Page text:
Sage “Smudging”: The Practice of Cleansing Space

 by Sue DeGregorio-Rosen, RN, CLNC, Contributing Editor

There is a Medieval cleansing of space ritual that is referred to as smudging. And it’s been often thought of as a practice used by those of us that are interested in occult practices, magic, and a tradition used by indigenous people that involves burning herbs, Sage in particular, is used to cleanse and bless a home, an object or ourselves to rid us of negative energies viewed as some sort of magical practice.  Recent studies have shown that smudging, the burning and simmering of the smoke from sage, can clear the air of 94% of the bacteria that has been lingering for 24 hours.  This is real good energy, folks!

Burning sage has been recognized and used because what it does is it causes large amounts of negative ions to disperse into the air around us. That allows our energy, and the vibrations and frequencies around us to cleanse.  It turns positive ions back to negative ions, thus allowing for purification within the atmosphere. 

We have all heard the term ” bad juju”.  Burning sage and/or other herbs helps heighten our nature and allow for better assessment of ailments due to poor air quality.

The aforementioned studies and scientific research has proved the benefits of this ritual.  Incense is commonly used and burned by many for a variety of reasons.  I was raised in the Catholic Church where frankincense is burned as a part of a religious practice.  The Three Kings that made a journey to pay homage to the birth of Jesus Christ brought gifts of frankincense and myrrh.

The Native Americans ritualistically smudge using sacred herbs, and their technique is known as the Sacred Smoke Bowl Blessing. The most common herbs used include cedar, sage, sweetgrass and tobacco—and they are known as the Four Manido.

Once the sacred plant is burned, the cloud of smoke that emanates is used to prepare for prayer ceremonies, rituals, and purification. Smudging is believed to heighten the sensitivity of healers, or the medicine men, so that they achieve an enhanced state of mind and can effectively assess and treat illness.

Not only is smudging used in spiritual practices, but it can also have medicinal benefits for those who are affected by poor air quality. This means it can help those who suffer from asthma, headaches, lung problems, and respiratory issues, as well as general coughs and colds.

Sage is one of the most popular herbs used for smudging. The word sage stems from the Latin word salvia, which translates to “healthy” or “to heal.”

Studies have also shown that burning sage increases clarity and awareness, heightens wisdom, improves moods, and enhances memory, and quickens the senses. (It is no coincidence that the word sage is also used to describe someone steeped in wisdom and humility.)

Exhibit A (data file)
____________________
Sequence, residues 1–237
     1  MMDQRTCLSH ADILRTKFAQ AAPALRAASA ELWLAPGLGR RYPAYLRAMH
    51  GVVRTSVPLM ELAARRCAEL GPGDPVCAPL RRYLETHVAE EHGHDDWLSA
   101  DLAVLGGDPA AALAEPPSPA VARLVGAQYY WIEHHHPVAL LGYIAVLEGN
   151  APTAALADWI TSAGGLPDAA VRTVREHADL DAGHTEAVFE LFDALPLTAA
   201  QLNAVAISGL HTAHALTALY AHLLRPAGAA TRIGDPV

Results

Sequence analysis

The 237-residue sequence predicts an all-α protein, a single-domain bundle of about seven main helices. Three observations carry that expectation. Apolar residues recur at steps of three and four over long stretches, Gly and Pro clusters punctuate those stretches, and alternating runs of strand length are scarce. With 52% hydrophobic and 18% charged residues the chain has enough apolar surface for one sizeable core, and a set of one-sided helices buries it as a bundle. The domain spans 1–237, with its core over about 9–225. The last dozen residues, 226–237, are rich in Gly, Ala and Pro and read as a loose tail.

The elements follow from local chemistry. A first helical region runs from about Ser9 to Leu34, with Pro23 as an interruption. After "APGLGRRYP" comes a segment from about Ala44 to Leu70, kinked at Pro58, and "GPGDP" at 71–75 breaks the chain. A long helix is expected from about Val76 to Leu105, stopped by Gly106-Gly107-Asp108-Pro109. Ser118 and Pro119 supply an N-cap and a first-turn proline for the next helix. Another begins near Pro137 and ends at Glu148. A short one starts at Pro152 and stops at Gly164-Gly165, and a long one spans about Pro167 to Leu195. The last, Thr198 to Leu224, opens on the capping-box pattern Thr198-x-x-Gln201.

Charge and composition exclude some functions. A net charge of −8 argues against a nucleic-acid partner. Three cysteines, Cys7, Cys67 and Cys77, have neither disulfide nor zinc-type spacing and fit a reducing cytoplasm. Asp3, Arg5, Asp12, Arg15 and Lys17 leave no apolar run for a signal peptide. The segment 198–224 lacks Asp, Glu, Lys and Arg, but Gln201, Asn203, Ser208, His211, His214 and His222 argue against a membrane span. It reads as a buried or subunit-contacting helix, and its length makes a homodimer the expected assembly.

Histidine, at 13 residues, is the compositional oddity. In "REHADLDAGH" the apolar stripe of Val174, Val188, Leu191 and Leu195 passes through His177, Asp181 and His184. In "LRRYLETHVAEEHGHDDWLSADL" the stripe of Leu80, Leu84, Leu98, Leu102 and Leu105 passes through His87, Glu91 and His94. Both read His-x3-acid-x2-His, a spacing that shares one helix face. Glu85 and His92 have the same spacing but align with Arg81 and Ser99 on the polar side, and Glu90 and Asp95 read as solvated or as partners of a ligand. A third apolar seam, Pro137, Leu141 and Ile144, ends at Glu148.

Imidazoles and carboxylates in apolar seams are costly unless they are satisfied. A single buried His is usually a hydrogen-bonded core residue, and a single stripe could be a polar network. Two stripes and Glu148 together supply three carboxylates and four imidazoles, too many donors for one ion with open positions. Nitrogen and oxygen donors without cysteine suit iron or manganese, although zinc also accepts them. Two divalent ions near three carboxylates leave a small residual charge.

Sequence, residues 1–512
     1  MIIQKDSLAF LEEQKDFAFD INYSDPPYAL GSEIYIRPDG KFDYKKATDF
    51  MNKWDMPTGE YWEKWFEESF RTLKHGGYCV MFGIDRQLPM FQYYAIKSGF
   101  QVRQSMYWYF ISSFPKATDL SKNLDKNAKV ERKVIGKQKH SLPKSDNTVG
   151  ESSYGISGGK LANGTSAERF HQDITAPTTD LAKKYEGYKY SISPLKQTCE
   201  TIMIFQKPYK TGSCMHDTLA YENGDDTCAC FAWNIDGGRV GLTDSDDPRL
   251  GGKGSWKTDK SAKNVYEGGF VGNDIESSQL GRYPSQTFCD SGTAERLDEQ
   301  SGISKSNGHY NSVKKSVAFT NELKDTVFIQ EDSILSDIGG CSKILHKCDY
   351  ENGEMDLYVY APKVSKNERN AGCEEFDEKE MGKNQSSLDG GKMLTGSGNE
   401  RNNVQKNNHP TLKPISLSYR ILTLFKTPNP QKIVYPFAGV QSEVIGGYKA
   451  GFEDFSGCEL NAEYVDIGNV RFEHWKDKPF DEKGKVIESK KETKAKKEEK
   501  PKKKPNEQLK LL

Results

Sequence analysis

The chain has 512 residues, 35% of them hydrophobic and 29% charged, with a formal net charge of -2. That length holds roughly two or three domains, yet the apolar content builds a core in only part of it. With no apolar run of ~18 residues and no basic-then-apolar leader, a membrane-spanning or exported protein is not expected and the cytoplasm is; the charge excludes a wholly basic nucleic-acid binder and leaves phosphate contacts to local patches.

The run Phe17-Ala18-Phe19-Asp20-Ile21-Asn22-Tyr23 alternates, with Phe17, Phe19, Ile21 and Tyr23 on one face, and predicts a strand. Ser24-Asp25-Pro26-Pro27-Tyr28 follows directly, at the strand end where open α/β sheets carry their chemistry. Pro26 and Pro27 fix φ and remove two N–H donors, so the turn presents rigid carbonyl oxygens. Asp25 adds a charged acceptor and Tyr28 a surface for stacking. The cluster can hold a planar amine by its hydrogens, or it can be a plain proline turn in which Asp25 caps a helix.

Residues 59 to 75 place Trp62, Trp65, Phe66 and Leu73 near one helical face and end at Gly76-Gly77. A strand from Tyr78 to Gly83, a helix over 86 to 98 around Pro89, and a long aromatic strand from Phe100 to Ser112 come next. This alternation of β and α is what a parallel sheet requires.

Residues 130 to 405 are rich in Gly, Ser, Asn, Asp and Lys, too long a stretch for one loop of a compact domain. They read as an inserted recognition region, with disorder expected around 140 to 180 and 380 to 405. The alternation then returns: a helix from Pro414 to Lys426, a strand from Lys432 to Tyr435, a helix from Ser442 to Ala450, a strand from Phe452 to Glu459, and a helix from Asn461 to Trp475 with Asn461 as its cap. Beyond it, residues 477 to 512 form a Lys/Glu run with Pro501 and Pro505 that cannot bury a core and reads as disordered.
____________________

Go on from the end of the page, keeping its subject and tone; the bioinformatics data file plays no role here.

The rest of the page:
How to smudge with sage:

Burning sage is known to dispel negative energy—or to cleanse, purify and protect our body, mind, and spirit, as well as our environment.

Bundled white sage is the easiest to use and is available for purchase online, or from most local herb or health stores.

The smoke from the sage attaches to any negative energy in the air, and as the smoke dissipates and clears, it carries the energy with and transmutes it from negative to positive. Sage changes the ionic composition in the air, so we will sense the difference in the atmosphere immediately.

Before burning sage, we can keep in mind the intention of what we want to achieve. If there is a particular energy we want to erase from the atmosphere, we can focus our awareness on it, so that the cleansing is strengthened and the protection is enhanced.

When we light the sage, a flame might occur. If this happens, we can gently blow on the flame or waft your hand near the flame, until only the embers are glowing and the sage is producing a smoky trail. The smoke is what clears and removes negativity, not the flame. It is common to have to relight sage a few times during the ritual. Once we have lit the sage, we can first smudge ourselves by slowly waving the sage around our body, starting at the floor, and then moving it up over our head and around us in circles. When finished, the sage can be placed with the burning side facing down in a fireproof bowl. We can allow our intuition to guide us to where the sage needs to travel.

As we walk around each room, we may find we are compelled to remain in certain areas longer than others. This is where the energy is densest. This practice shouldn’t be hurried so allow the sage to remain burning for as long as it feels necessary. Sage needs to be burning for approximately one hour to be fully effective.

When moving with the sage, we can pay extra attention to windows, doors, and any other openings. We should ensure we don’t directly inhale the sage while we are moving around. If we don’t wish to walk around with the sage, an alternative option is purchasing a sage holder to rest the sage in while it burns.

I would recommend burning sage at the beginning of each new week to clear out the old and make way for the new. We can also burn it at the change of a season or at the start of the winter or summer solstice. Leave at least one window or door open to allow the smoke to pass through.

Sage has a masculine energy, and incense has a feminine energy, so once we have burned sage, we can light an incense stick to balance the two energies.